I don’t know if I have a point (or care to try and make one) but I just want to offer another view on this since this article it full of conventional wisdom and must be questioned. Also, having gone through horrendous chronic back pain (and healed myself) I understand how much it sucks to hurt and to have to be sitting all day.

    The key is good blood flow and I believe that starts from within yourself with emotional health.

    I hope this made some sense…anyway, after talking smack about this article I’m gonna get up and do a few pull ups!

    For any inquisitive minds, check out the work of Dr. John Sarno. I followed his advice (via a book) and that is what taught me how to get rid of my pain…not a standing workstation or stretching.

    specialrider wrote on March 30th, 2011
  25. This is excellent. I am one of those desk jockeys and I have had more than my fair share of problems because of it. Exercising has actually created problems for me after being active my whole life and now being sedentary so much. Tight hips and rolled shoulders affecting my brachial plexus are my big issues. I have never found anything to release the front of my pelvis and hips like #1. I’ve already started using it. Thanks Mark!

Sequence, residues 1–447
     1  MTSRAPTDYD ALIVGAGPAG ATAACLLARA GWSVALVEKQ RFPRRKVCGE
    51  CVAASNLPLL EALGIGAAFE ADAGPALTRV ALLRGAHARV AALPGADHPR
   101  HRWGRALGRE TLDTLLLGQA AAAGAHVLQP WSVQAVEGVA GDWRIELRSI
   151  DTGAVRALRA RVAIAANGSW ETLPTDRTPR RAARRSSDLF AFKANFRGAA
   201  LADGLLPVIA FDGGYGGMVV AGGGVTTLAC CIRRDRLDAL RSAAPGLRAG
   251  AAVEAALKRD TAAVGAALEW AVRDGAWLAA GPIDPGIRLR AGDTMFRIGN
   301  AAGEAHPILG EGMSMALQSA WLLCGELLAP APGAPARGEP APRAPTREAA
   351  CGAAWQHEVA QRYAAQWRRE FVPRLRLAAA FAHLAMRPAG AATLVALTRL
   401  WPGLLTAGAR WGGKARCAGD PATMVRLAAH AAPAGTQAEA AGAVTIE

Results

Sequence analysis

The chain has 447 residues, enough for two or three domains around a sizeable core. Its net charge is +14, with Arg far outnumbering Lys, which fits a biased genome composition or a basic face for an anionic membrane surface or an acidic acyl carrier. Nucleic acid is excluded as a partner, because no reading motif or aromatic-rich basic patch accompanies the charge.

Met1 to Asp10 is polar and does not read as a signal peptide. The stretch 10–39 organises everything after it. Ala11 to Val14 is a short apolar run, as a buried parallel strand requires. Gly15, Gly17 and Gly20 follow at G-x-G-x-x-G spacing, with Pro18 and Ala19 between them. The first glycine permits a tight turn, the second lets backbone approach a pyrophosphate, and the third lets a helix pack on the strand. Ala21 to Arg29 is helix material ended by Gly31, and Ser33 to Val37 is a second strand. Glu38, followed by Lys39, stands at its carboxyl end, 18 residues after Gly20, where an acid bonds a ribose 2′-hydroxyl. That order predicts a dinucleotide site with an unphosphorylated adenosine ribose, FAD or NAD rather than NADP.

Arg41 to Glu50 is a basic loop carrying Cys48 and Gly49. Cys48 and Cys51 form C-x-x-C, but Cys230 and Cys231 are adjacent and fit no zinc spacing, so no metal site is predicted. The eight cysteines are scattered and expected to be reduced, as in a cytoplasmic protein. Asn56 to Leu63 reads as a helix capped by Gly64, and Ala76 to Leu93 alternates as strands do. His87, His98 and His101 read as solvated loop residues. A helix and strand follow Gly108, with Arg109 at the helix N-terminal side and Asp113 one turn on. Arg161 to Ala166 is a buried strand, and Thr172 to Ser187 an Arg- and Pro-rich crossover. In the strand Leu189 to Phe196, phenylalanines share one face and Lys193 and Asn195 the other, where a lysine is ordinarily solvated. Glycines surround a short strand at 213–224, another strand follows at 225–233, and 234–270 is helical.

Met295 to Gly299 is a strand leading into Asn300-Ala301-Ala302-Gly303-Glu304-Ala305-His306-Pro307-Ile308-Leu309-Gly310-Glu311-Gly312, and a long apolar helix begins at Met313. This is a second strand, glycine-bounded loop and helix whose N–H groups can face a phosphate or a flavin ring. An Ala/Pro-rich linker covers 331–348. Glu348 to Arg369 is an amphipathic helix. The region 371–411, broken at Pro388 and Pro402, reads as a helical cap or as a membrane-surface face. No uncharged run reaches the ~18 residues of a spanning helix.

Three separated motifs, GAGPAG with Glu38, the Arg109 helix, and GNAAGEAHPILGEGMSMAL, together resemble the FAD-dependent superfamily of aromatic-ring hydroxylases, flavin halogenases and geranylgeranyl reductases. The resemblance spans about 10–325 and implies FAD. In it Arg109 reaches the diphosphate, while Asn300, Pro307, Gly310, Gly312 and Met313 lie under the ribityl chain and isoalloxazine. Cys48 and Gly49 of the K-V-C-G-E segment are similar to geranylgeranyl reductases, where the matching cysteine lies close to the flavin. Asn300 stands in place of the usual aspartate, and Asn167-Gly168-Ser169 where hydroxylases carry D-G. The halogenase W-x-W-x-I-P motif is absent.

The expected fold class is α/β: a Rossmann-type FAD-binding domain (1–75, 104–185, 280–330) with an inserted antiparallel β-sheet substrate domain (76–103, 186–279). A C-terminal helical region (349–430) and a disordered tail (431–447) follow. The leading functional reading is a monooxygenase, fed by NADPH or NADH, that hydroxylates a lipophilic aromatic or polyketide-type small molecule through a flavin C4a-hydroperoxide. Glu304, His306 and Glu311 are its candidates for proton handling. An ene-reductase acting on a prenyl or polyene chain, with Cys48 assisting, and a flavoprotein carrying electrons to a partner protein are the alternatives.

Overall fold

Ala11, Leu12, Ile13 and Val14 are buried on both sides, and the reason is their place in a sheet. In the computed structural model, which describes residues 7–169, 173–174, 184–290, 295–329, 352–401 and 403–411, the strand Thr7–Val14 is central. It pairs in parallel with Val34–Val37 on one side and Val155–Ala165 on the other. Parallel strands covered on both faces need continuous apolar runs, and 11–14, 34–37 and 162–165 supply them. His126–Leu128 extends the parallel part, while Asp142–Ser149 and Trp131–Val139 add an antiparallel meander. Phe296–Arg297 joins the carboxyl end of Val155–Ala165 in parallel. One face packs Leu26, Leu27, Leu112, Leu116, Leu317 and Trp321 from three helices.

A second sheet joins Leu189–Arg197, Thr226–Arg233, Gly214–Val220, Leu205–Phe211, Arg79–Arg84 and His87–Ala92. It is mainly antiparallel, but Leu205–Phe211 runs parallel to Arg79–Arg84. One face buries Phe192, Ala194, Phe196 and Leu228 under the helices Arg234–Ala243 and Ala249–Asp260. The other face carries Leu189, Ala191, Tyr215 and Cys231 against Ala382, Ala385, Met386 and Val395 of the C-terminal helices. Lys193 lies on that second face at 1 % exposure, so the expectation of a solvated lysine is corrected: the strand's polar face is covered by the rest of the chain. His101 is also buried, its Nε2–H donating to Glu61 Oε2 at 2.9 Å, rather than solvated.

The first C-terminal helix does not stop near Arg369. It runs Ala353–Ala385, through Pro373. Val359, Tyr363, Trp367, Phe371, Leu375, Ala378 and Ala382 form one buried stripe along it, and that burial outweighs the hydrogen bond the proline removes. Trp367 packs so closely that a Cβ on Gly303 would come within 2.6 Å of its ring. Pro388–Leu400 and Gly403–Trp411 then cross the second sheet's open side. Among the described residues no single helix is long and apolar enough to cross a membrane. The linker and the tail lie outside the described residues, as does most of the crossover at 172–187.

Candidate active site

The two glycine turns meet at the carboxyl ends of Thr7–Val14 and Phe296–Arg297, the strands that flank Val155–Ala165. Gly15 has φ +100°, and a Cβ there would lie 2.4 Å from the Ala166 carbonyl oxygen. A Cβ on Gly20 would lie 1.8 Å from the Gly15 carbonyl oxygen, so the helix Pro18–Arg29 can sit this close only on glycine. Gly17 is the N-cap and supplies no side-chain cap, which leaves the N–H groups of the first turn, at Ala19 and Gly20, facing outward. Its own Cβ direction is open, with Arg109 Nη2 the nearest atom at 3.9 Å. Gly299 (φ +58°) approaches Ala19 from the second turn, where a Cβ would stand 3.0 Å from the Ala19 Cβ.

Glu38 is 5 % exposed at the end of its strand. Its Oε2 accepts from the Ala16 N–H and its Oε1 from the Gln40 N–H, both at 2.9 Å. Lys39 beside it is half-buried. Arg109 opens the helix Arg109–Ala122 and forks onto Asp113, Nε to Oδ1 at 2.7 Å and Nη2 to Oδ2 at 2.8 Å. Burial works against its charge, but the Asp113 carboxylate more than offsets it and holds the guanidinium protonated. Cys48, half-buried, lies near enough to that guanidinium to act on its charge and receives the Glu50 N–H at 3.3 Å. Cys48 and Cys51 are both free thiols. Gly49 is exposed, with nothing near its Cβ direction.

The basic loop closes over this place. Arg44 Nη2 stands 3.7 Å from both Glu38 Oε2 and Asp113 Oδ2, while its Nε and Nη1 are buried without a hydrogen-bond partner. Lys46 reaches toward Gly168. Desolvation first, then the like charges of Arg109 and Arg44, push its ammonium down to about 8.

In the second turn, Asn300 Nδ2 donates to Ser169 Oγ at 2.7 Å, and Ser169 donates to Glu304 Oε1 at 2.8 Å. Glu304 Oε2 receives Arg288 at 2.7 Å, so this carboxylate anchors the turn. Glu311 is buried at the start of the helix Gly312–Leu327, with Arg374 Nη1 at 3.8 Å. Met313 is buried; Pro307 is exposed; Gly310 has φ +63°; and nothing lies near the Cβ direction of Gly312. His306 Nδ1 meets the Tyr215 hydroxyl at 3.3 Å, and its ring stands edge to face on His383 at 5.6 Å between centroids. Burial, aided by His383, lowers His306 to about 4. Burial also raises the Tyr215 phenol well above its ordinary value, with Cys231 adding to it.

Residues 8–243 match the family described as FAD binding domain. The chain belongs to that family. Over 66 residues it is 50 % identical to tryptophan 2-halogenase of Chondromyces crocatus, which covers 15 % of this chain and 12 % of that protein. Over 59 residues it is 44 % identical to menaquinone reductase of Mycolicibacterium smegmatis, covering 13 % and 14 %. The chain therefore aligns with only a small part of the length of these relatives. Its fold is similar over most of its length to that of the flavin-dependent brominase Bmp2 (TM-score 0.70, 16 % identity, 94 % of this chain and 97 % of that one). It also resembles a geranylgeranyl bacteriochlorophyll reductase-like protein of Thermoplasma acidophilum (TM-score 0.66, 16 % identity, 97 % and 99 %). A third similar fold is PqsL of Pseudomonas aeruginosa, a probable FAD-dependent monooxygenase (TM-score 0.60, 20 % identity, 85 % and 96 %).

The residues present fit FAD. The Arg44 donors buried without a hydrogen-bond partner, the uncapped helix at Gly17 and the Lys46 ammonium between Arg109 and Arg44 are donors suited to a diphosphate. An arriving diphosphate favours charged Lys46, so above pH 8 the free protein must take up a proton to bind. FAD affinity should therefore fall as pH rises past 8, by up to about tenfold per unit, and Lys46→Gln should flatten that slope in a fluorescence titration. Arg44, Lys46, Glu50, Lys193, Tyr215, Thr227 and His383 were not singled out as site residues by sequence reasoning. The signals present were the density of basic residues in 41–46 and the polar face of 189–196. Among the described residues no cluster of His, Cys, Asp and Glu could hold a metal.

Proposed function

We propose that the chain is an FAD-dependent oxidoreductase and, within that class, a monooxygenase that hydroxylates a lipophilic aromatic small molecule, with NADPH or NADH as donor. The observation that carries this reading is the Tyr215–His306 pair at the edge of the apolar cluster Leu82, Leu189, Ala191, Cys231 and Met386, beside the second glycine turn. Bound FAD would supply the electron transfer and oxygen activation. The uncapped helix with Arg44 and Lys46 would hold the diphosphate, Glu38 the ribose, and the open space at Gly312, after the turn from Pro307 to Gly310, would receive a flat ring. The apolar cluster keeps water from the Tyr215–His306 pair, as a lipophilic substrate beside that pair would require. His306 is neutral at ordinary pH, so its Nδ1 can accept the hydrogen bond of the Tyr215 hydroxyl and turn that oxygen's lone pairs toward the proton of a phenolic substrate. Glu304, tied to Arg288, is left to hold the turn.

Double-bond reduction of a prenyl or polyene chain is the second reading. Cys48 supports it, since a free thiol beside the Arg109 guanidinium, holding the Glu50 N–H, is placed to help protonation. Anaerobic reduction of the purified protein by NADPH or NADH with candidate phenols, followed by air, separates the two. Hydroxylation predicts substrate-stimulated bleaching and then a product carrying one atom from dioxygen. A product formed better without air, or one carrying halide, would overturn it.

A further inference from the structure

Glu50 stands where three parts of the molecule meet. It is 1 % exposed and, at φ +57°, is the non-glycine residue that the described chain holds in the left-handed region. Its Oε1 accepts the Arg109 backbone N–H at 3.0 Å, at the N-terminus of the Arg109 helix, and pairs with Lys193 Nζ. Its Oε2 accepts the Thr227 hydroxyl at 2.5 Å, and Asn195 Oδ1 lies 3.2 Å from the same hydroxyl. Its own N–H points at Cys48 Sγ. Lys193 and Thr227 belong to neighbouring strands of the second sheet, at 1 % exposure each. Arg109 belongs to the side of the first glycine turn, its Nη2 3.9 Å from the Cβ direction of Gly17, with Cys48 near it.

Barry wrote on March 30th, 2011
  26. I build metal frames around my large LCD monitors. I suspend them by chains above an ottoman. I work laying on my back on the ottoman. I am never sitting up to work again. You people treat the symptoms. TREAT THE CAUSE.

    John wrote on March 30th, 2011
  27. Mark, these are absolutely phenomenal tips and I think you wrote them just for me!

    Eight to ten hours a day at my desk is way too much for my back and my typing and my mouse hand! I’m going to be adding these to my daily routine, on top of what I already do in my ‘primal’ workout. Thanks again.

    Andy wrote on March 31st, 2011
  28. Good tips… I don’t really have aches or pains, but sitting for 10+ hours a day in my home office is driving me nuts.

    Incidentally, I had carpal tunnel until I stopped eating gluten. Pain just went away, and hasn’t returned (and I do more computer work now than I did 6 years ago when I went gluten-free).

    Tracy wrote on March 31st, 2011
  29. Just a little thing…while I have a printer in my office, I send print jobs to the most distant printer.

    Ed wrote on March 31st, 2011
    • That’s the type of thing I was going to suggest – walk to the furthest restroom. Fill up your water bottle at the most distant water cooler… anything to force a little more movement.